Letter: Goodbye to the communities who trusted me with their stories

Katy Locke, former associate editor, Navajo-Hopi Observer

Katy Locke, former associate editor, Navajo-Hopi Observer

After nine years, Veterans Day was my last day at the Navajo-Hopi Observer.

My Facebook feed showed me a video I shot seven years ago of Navajo Code Talker Dan Akee when Red Feather Development Corp. helped to build a new home for him in Tuba City.

At the same time in Washington D.C., the new National Native American Veterans Memorial was dedicated on the grounds of the Smithsonian’s National Museum of the American Indian.

Yet, two days earlier, on Nov. 9, I listened to oral arguments before the United States Supreme Court in Haaland v. Brackeen, a case that will decide the constitutionality of the Indian Child Welfare Act, a 43-year-old federal law enacted because of the substantial number of Native American children public and private agencies removed from their homes and culture. The law was designed to give Native American tribes a say in what happened to their children.

As I listened, I recalled one of the first stories I wrote for the NHO — Adoptive Couple v. Baby Girl in 2013, where the Supreme Court ordered a Cherokee father to turn over his biological daughter to a couple who sought to adopt her.

In the middle of October, Seraphine Warren walked to Washington D.C. to call attention to her aunt, Ella Mae Begay, who went missing in 2021, which made me think of Amanda Webster, Jamie Yazzie, Nicole Joe and so many others I have written about while covering Missing and Murdered Indigenous People.

It is those kinds of stories that have kept me writing for the paper for nine years and why it is bittersweet to let go — even while I know that it is time for me to move on to telling my own stories.

Thank you to all of you who trusted me with your stories, particularly the Diné and the Hopi.

Lifting your voices, letting your words and faces be the focus of our paper was what my first editor, Ryan Williams, and I talked about when he hired me in 2013. We made a commitment to make sure the stories and people in the paper reflected the communities we were writing about, to make sure your voices were heard without a filter.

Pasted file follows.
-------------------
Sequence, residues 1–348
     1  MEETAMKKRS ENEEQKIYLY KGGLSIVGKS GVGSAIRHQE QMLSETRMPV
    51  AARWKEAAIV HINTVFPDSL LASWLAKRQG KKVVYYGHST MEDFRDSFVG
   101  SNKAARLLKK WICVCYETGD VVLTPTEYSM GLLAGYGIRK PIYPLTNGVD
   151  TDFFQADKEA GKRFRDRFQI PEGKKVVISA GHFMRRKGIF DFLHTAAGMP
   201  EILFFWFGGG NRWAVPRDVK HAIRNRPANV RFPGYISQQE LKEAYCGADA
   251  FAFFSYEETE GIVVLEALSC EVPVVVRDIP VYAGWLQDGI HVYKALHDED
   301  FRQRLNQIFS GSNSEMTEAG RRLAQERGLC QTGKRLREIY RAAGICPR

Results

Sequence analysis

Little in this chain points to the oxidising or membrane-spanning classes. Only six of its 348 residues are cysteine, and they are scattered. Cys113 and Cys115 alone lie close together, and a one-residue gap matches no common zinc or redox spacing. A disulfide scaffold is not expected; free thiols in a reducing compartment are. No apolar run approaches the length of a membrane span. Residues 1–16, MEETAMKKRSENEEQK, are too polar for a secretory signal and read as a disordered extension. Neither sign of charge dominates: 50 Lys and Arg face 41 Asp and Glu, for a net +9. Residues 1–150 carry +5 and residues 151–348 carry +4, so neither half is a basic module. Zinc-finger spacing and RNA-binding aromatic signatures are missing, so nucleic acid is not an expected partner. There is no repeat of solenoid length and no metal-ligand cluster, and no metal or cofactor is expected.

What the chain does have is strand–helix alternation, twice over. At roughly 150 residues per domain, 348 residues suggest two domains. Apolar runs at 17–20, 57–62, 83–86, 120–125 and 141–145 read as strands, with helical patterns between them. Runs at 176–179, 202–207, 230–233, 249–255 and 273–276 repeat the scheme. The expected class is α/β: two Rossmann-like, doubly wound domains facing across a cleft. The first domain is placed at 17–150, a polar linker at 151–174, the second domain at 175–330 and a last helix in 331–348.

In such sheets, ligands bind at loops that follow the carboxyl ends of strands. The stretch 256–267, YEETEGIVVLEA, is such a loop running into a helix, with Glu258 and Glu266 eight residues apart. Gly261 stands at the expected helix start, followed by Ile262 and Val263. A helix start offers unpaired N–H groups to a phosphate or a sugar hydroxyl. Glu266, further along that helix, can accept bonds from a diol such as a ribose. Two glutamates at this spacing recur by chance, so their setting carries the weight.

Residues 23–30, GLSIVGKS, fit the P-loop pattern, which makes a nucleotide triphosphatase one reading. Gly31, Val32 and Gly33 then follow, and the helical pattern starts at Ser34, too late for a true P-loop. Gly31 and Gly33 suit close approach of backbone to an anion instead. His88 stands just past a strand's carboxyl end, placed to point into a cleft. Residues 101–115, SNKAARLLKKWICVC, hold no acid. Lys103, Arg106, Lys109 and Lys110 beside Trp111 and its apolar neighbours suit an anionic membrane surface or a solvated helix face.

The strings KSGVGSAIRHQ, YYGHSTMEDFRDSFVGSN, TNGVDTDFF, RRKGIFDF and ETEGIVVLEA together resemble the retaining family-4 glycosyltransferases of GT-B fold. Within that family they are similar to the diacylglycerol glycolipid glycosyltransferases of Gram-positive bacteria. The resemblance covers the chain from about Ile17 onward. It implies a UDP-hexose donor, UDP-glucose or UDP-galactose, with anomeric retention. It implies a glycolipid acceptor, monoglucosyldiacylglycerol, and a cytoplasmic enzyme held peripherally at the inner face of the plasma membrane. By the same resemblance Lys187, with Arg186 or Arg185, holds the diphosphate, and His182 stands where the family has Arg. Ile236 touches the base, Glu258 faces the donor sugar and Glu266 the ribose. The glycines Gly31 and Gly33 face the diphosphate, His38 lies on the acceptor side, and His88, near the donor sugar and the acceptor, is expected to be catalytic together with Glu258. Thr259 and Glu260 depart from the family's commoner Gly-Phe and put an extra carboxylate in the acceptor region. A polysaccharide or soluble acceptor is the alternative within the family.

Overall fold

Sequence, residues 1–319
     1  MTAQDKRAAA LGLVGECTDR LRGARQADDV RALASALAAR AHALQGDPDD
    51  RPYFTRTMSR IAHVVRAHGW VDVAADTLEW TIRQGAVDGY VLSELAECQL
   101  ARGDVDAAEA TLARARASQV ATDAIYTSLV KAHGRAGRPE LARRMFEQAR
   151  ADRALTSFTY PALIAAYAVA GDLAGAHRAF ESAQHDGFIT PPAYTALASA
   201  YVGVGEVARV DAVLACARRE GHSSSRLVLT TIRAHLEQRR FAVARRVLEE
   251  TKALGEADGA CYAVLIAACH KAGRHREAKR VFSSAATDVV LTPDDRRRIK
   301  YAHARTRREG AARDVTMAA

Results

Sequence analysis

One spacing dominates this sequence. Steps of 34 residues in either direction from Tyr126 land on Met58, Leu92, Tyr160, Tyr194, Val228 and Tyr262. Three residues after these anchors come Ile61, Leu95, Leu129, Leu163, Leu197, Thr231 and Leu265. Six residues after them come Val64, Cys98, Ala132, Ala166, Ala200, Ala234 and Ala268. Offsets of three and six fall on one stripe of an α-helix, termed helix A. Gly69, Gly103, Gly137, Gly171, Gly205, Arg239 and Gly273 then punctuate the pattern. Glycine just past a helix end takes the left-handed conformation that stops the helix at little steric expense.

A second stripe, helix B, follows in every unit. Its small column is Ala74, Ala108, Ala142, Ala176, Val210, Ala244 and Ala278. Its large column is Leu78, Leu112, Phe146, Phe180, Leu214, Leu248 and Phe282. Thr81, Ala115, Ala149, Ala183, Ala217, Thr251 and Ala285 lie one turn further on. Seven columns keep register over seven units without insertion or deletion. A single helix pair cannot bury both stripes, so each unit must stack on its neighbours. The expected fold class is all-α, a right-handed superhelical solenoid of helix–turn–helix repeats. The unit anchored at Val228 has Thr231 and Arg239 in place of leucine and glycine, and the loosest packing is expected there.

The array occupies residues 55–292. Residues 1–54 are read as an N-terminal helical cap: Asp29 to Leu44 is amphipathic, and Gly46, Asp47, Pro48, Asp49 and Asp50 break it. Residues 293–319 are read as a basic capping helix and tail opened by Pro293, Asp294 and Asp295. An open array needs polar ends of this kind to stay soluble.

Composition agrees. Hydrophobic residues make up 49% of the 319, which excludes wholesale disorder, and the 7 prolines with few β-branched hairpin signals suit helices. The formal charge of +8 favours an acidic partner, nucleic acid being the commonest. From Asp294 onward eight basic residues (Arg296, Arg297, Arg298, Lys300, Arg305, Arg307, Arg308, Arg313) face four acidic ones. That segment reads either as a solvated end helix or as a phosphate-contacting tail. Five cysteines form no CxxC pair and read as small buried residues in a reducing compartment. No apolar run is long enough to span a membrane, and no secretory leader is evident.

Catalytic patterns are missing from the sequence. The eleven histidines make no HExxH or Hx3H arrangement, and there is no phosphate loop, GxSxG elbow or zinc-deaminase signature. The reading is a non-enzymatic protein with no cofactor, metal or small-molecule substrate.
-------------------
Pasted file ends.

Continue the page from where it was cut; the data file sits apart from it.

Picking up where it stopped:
My goal was to make a difference and I hope that I have.

There are two people who I continually think about as the Supreme Court seems on the brink of dismantling a law enacted to help Native children and as so many other issues that impact Native people circle back ceaselessly and where it can seem hopeless that anything will ever change.

To Klee Benally and Ed Kabotie — thank you for the conversations we have had about how to hold onto hope, to keep fighting in a world that continually disrespects and ignores Native voices. You do not need me to tell you, but your dedication to your communities, your fight and determination to inspire people to see and do more are a constant refrain in my head.

There are too many stories, too many other people to thank everyone individually but the impact of all your stories and voices will remain with me in the future.

I listened when Ed Kabotie said at a Truth and Reconciliation event held in Flagstaff in 2018 that you cannot know who you are until you know where you come from. I took that to heart and decided it was time to discover where I come from and who my birth family is.

In addition to teaching a few classes at Northern Arizona University this semester, I have also been pursuing getting a MFA in creative non-fiction writing at the Institute of American Indian Arts in Santa Fe, New Mexico, where I am writing a book about the journey to find my birth mother and family.

Those things are possible because of the time I have spent at the Navajo-Hopi Observer writing about you and your stories.

Again, thank you.

Katherine (Katy) Locke

former associate editor,

Navajo-Hopi Observer

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